A riad is a traditional Moroccan house or palace with an interior garden or courtyard.Generally from one to four storeys high, the riads are completely closed on the inside, isolated by high neutral and austere walls, with a minimum of openings to protect from the heat and noise of the street.
Most often located in a medina, they generally comprise a single floor due to administrative constraints; in addition, the architecture of certain districts provides for special rules, for example, because of the proximity of a monument such as a kasbbah (royal palace).
The riads are organized around a central patio – lounge / – dining room, as a base of an architectural structure in the form of a well stepped in balconies turned on the inside, inspired by the traditional Arab-Andalusian habitat, of the Persian heritage and Roman heritage (dwelling atrium of ancient Rome).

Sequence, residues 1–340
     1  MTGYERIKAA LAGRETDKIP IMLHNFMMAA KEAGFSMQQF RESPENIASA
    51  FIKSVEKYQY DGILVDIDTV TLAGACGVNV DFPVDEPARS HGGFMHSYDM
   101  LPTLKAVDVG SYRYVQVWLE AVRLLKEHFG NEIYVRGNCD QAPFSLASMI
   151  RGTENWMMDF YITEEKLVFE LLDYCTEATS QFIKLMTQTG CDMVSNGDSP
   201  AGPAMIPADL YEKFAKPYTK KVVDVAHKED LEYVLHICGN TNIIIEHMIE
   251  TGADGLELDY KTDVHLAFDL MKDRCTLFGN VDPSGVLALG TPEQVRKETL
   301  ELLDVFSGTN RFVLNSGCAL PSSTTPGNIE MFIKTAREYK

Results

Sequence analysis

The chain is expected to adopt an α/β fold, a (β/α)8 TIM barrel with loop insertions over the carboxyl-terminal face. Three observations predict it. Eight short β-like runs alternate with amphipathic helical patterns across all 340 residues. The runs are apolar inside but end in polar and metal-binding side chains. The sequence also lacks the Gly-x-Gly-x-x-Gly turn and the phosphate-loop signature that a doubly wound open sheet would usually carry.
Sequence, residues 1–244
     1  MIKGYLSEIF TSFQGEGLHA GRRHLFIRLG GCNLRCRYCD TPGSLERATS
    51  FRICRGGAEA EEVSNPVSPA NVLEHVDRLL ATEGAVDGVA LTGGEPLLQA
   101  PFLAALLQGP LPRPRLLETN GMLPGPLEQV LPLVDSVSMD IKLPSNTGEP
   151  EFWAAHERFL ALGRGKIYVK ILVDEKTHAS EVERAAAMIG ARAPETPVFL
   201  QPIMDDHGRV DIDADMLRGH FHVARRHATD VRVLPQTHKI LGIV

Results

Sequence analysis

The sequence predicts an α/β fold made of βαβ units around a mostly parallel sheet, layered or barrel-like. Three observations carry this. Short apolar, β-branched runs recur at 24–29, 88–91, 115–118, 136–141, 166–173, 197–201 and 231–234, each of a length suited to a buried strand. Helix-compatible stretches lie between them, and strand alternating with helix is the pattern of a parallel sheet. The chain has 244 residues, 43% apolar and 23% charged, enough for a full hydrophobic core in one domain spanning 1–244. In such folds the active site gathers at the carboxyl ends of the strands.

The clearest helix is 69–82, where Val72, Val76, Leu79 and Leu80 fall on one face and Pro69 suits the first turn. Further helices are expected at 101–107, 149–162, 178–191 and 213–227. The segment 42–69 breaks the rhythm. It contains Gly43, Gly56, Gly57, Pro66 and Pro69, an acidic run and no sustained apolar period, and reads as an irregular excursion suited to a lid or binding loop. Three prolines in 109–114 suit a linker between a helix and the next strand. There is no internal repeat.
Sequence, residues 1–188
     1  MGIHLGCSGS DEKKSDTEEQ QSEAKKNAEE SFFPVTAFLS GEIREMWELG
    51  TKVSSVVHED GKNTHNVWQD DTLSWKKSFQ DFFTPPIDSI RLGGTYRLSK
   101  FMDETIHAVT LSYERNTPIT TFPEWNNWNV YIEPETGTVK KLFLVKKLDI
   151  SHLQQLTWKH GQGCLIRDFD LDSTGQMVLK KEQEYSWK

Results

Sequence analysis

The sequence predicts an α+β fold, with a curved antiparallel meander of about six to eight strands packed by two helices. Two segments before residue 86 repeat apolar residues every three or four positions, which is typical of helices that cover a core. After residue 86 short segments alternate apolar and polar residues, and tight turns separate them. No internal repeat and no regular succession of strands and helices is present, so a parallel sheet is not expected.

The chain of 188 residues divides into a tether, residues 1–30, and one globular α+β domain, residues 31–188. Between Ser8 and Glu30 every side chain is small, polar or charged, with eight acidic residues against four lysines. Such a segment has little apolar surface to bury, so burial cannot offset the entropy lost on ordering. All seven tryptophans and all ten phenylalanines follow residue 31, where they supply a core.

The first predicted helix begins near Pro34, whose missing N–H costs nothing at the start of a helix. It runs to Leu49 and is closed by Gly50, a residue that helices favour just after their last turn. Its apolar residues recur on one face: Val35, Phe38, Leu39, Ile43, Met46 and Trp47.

The word riad originates from the Arabian term for garden, Arabic: رياض, ryad. The ancient Roman city of Volubilis provided a reference for the beginnings of riad architecture during the Idrisid Dynasty.
When the Almoravids conquered Spain in the 11th century they sent Muslim, Christian and Jewish artisans from Spain to Morocco to work on monuments.
The Riad is the Moroccan traditional house, normally with two or more storeys around an Andalusian-style courtyard that contained a fountain. Riads were the stately city homes of the wealthiest citizens such as merchants and courtiers.
The riads were inward focused, which allowed for family privacy and protection from the weather in Morocco. This inward focus was expressed with a centrally placed interior garden or courtyard, and the lack of large windows on the exterior walls of clay or mud brick. This design principle found support in Islamic notions of privacy, and hijab for women. Entrance to these houses encourages reflection because all of the rooms open into the central atrium space. In the central garden of traditional riads there are often four orange or lemon trees and often a fountain. The walls of the riads are adorned with tadelakt plaster and zellige tiles, usually with Arabic calligraphy of quotes from the Quran.